Posts Tagged ‘The Washington Monument’

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German-American Friendship Garden

The German-American Friendship Garden, where I went on this lunchtime bike ride, is located on a direct line of sight between the White House and The Washington Monument on the National Mall, at 1600 Constitution Avenue (MAP) between 15th and 17th Streets in northwest D.C. The ornamental garden’s design, developed by landscape architect Wolfgang Oehme, features plants indigenous to both Germany and the United States, and contains benches on which visitors can rest while enjoying the gardens.

The garden was commissioned in 1982 after a visit to D.C. by German Chancellor Helmut Kohl. After the Chancellor’s visit, President Ronald Reagan created a Presidential commission to design and construct a garden to commemorate the tricentennial anniversary of the first German immigration to America, and celebrate 300 years of friendship between the United States and Germany. Later, the garden was dedicated at a ceremony in November of 1988, which was attended by both President Reagan and Chancellor Kohl during their last meeting together.

During his speech at the dedication ceremony President Reagan stated, “In a few months, I’ll be leaving the White House, but the garden, and all it represents, will remain, to be nurtured and sustained by the friendship between Germans and Americans.” Chancellor Kohl agreed in his response, calling the garden a symbol “of friendship and of solidarity which will have validity for the future.”

Eventually, the garden was in need of extensive restoration, so in 2013 an initiative was jointly launched by the German Embassy, the National Park Service, and the Association of German-American Societies of Greater Washington D.C.  Subsequently, new flower beds and other native plants were planted and revitalized in the fall of that year.  A new irrigation system was also installed, and the central square panel of the garden’s plaza was restored in keeping with Oehme’s original design.

The garden has been the site of annual celebrations on German-American Day, a holiday in the United States which began in 1883. The custom, observed each year on October 6th, died out during World War I as a result of the anti-German sentiment that prevailed at the time, but was revived during Reagan’s presidency in 1983 on the 100th anniversary of the first celebration.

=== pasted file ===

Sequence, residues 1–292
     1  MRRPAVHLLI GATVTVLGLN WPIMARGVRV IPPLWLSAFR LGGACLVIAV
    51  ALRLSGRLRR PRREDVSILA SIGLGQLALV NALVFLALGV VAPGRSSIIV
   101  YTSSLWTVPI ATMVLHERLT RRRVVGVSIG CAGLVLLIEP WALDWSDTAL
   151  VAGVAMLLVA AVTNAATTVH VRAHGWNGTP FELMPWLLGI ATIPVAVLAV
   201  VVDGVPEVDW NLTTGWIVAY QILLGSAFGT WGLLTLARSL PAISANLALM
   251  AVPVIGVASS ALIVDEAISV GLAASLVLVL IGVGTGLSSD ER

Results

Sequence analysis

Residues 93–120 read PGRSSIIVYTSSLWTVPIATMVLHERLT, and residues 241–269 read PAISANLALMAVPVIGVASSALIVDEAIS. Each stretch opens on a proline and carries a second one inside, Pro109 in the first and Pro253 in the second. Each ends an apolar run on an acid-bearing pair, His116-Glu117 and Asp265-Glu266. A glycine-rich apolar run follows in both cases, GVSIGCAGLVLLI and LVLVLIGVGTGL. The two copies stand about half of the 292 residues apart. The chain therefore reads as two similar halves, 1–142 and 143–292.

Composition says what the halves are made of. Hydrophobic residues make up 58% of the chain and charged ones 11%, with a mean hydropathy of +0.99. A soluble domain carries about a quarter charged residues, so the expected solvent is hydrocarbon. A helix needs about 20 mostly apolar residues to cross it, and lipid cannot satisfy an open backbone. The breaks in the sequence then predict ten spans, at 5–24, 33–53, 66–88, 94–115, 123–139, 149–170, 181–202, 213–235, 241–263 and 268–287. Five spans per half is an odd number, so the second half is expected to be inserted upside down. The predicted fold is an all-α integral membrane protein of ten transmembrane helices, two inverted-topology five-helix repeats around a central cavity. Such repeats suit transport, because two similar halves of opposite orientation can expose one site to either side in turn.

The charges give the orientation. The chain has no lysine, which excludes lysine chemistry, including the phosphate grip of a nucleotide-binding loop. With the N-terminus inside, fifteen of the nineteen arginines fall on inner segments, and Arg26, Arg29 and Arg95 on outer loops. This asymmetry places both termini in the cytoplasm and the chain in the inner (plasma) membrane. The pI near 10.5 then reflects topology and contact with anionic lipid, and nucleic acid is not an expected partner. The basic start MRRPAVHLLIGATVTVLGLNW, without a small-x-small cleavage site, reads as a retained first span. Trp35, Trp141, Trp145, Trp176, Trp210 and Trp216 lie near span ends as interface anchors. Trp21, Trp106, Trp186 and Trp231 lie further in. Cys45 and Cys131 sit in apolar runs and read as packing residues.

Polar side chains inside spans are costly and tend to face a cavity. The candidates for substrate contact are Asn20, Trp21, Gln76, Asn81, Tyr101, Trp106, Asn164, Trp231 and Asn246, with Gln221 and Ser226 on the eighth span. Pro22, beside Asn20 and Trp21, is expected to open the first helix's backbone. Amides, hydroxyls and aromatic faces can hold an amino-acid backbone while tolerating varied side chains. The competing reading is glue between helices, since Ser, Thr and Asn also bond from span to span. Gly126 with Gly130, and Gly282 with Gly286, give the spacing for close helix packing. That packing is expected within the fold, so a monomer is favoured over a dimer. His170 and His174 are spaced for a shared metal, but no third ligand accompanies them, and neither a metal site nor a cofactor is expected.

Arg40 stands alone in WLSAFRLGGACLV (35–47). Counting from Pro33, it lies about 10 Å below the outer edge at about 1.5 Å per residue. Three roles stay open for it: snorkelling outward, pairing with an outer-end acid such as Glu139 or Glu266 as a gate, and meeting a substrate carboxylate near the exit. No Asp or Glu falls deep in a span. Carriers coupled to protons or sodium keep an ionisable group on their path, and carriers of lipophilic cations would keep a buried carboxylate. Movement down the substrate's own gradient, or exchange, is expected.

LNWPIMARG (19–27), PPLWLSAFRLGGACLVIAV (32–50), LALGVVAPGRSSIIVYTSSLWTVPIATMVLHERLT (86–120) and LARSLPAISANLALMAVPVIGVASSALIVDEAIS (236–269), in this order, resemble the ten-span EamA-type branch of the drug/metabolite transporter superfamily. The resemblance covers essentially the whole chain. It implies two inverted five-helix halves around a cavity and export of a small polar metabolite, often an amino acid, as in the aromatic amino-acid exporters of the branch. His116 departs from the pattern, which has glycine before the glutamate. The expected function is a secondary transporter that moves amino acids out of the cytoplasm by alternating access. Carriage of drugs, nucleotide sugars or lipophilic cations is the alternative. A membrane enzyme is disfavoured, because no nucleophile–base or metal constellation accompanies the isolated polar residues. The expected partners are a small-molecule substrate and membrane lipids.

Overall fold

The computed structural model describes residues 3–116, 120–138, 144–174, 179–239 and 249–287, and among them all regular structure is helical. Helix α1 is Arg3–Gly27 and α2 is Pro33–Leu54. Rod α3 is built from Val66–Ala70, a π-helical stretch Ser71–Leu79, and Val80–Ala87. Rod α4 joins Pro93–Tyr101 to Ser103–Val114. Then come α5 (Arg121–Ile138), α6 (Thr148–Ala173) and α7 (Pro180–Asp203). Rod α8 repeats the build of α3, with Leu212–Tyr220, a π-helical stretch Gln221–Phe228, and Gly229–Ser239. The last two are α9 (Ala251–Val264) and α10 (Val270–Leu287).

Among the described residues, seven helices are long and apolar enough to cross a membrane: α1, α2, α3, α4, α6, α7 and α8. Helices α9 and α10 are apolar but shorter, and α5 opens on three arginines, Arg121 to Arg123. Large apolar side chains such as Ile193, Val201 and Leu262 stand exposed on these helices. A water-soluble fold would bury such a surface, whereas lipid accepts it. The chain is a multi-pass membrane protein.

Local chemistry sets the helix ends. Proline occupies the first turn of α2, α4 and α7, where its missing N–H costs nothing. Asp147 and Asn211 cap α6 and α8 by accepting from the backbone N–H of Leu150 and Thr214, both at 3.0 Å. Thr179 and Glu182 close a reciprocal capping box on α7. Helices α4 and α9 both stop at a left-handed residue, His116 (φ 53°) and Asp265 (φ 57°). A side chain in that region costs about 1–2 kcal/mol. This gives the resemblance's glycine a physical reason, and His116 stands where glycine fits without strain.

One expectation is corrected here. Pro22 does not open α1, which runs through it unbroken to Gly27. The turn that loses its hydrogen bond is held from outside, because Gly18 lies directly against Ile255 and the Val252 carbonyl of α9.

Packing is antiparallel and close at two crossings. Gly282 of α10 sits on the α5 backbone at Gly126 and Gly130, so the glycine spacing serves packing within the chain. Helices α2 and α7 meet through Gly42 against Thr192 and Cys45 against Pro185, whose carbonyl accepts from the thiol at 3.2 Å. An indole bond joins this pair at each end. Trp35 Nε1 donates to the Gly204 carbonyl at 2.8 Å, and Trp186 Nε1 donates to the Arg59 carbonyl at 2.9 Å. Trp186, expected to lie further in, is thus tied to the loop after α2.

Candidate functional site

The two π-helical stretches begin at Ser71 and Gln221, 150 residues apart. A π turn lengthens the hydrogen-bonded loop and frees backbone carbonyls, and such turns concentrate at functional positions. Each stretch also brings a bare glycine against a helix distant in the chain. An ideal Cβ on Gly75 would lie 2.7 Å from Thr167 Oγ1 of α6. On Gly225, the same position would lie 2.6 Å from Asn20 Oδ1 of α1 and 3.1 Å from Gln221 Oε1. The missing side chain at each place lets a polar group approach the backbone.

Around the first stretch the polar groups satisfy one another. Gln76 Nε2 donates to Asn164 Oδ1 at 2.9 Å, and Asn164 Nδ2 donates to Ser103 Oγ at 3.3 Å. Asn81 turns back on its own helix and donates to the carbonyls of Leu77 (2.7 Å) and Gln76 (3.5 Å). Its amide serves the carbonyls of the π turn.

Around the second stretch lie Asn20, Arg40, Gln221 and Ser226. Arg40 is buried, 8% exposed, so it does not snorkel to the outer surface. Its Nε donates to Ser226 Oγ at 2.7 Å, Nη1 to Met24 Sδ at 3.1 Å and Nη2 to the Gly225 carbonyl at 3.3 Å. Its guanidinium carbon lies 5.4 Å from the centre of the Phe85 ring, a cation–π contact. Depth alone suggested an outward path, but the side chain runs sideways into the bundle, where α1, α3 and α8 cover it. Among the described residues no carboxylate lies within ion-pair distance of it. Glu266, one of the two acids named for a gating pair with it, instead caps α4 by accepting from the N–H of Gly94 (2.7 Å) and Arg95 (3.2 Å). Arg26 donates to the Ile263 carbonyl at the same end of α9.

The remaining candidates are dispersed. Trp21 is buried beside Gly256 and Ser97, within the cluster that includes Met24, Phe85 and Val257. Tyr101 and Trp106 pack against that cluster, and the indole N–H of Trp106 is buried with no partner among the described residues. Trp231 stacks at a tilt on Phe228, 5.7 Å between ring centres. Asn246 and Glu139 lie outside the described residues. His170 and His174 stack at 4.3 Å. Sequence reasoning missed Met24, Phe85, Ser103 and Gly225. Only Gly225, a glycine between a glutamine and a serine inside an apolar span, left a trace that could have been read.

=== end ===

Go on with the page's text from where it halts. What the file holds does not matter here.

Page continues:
Today, the German-American Friendship Garden’s ideal location in one of the city’s most well-travelled tourist areas provides it with an estimated seven million visitors passing by each year.  Unfortunately, most overlook the garden as they walk by it on their way to another destination.  So my recommendation is to make the garden a specific  destination so you don’t also miss out on all that it has to offer.

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[Click on the thumbnails above to view the full size photos]

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The Jefferson Pier

When tourists on the grounds of The Washington Monument gaze up at the tribute to our nation’s first President, they seldom are aware of the other, smaller but similarly-shaped stone monument that is also located there on the same grounds, in the shadows of the 555-foot obelisk that towers over the National Mall.  Or if they do happen to notice it, they have no idea what it is.  It is called the Jefferson Pier, and it is only 391 feet on a northwest diagonal from the center of the Washington Monument. However, it pre-dates the Washington Monument. In fact, the original stone monument served as a marker, aiding surveyors and serving as a benchmark during construction of the monument.

On December 18th, 1804, a simple granite obelisk was erected at the intersection of lines from the front doors of the White House, known at that time as the Executive Mansion, and the U.S. Capitol Building. That intersection is etched on the top of the stone marker. The stone was located along 16th Street, almost due south of the center of the White House, due west of the center of the Capitol building, and due north of the center of the Jefferson Memorial (MAP). It was intended as part of a meridian system used to align city streets and in the development of the young nation’s new capital.  It was also the destination for this lunchtime bike ride.